The closest most people come to placebos is their television set. You've seen the plot where the rotating character of the week has a child/spouse/pet with a tragic and untreatable malady in desperate need of an experimental drug. The trouble is nobody knows whether the loving test subject is receiving the wonderful new miracle pill or the sugar pill. Lots of things happen that have nothing to do with the test subject, usually involving a homicidal nurse jealous of being passed up for a promotion from the morgue who exacts her revenge by mysteriously killing vending machine servicemen who are secretly part of a cabal of old high school chums. Somehow our intrepid main characters foil her nefarious plans and in the last five minutes we learn that the test subject, who has shown astounding improvements, has been on the placebo the whole time. You haven't seen it? It's a classic.
The message of the show is either that one shouldn't kill high school alumni who are happy with their lot in life filling vending machines*, or that any improvements the test subject experienced were due to the love and nurturing of the rotating character of the week - the recovery was due to their mind believing they were being cured. This latter message is often trite, overused, and hackneyed but it turns out that it might also be very true.
According to a report released in August of this year in the Journal of Clinical Psychology, two doctors (Mark Zimmerman, M.D., and Tavi Thongy, M.D.) decided to document the phenomena where some patients stopped responding to their medications. More specifically, they wanted to estimate the proportion of people who truly stopped responding to their medication versus those who experienced the same relapses but where on placebos. You can read a summary of their findings at Psychiatrist.com, but the salient bits are that a "substantial number of patients who respond to antidepressants experience a relapse despite ongoing pharmacotherapy" and that a portion of that large number of patients were actually on placebos. If you want to understand why a substantial number of patients experience a relapse, head on over to this cheeky but fact-filled post over at the Last Psychologist. All is not what it seems in Pharmacology Land.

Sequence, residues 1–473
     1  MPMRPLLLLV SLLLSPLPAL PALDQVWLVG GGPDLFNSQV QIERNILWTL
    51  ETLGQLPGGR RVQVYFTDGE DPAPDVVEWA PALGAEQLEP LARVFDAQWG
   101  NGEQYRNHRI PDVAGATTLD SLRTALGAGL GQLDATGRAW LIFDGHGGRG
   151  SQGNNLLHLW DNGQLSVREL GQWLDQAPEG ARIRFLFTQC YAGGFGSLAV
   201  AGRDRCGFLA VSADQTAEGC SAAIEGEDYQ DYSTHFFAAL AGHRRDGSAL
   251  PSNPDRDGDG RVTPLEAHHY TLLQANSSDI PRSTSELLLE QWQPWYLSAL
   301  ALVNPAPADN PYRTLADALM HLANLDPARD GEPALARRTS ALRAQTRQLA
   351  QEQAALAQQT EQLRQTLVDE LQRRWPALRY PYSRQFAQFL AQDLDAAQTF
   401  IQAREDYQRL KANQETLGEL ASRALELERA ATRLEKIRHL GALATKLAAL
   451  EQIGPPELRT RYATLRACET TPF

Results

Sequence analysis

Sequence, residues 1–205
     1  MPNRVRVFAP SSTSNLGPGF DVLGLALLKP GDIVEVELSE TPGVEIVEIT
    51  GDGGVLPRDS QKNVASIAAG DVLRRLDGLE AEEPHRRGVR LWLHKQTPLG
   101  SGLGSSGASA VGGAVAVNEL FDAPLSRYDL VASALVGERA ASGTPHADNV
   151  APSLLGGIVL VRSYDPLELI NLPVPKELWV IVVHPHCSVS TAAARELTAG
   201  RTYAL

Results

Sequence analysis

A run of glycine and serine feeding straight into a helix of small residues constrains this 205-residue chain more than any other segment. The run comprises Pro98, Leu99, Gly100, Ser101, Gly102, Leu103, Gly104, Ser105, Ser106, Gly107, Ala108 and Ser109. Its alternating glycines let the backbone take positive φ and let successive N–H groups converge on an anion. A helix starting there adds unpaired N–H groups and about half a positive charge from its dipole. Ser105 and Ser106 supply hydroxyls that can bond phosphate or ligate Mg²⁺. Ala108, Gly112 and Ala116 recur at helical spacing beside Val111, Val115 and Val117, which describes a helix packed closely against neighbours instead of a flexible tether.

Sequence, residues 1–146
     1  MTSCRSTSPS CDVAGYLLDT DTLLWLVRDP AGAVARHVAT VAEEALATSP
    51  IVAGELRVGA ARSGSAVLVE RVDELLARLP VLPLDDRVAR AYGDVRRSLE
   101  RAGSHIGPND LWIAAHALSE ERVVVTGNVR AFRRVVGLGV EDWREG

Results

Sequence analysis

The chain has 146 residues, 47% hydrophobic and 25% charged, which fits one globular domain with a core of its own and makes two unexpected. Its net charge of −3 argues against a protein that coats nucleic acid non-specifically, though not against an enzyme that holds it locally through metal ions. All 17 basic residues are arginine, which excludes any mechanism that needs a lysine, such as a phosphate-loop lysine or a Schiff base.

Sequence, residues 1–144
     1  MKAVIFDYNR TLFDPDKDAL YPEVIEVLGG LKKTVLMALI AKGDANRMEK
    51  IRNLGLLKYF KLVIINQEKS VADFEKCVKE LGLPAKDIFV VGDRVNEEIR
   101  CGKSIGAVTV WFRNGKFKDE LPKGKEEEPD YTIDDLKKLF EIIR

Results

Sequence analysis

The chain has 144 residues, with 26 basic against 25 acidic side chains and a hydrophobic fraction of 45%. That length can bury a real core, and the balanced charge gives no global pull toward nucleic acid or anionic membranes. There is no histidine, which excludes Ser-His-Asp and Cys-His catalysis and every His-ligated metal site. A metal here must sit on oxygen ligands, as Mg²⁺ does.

I realize this is a lot of data to crunch, but the important part is that the people on placebos initially experienced improvement. Read that part again. In addition, of those tested about 75% never relapsed at all. They believed the drugs were real and they saw improvements in their life. Lasting improvement with the help of sugar pills. Do you realize what this means? You can replace your $70 bottle of psychotropic-du-jour with Skittles? Sounds tasty, but no. Dr. Zimmerman said it best in an interview with Reuters when he suggested "that a message can be conveyed to patients who have repeatedly improved on medication and then lost its benefit that perhaps they are more capable than they think in bringing their own resources to bear to improve their depression."
For those of you who find yourself, like I found myself years ago, doing the medication tango every few months trying to find a dosage or med that worked perhaps your true solution is within. Everything you need to see improvement in your life locked up in that knobbly mass of grey matter. IF you only believed. The problem is that most of us have been duped. As the Last Psychiatrist (an academic psychiatrist specializing in forensics, btw) put it:
What's amazing to me is how skeptical everyone is about Pharma, how they distrust anything they say, and whine that the drugs are too expensive, but they've all bought Pharma's biggest scam: that these drugs are necessary.
OK, so Big Pharma misleads the public about their product's efficacy so they can sell more. This is big business at work, just like in any other industry. What does that mean for you if you find yourself in need of help and not responding to meds? My first bit of advice is to tell you to not knock the power of positive thinking. I know I sound like a skipping CD over here but I cannot emphasize enough what a change I made in my own life by the simple act of forcing myself to be more optimistic and positive about the day. I also had the will to conquer my anxiety, which I did, and my depression, which I still work on but have seen phenomenal improvements in my life. Mostly, I believe that I can be in control and I take steps to help me realize that belief.
Those placebo relapsers failed because faith alone couldn't help them. They needed to change their thinking habits to stay on the path towards mastery. That is why it is important to not rely solely on positive thinking. I can't recommend enough the services of a good cognitive behavior therapist. Positive thinking took me only so far, but the helpful advice of my CBT helped me take myself to the next level. They can help you learn the coping strategies you need to succeed. In the end, though, it is all up to you. Dr. Zimmerman was right. You are more capable than you think.
*Disclaimer: I used to service my own fleet of stellar vending machines so I can make fun of vending machine servicemen. It was in my contract.
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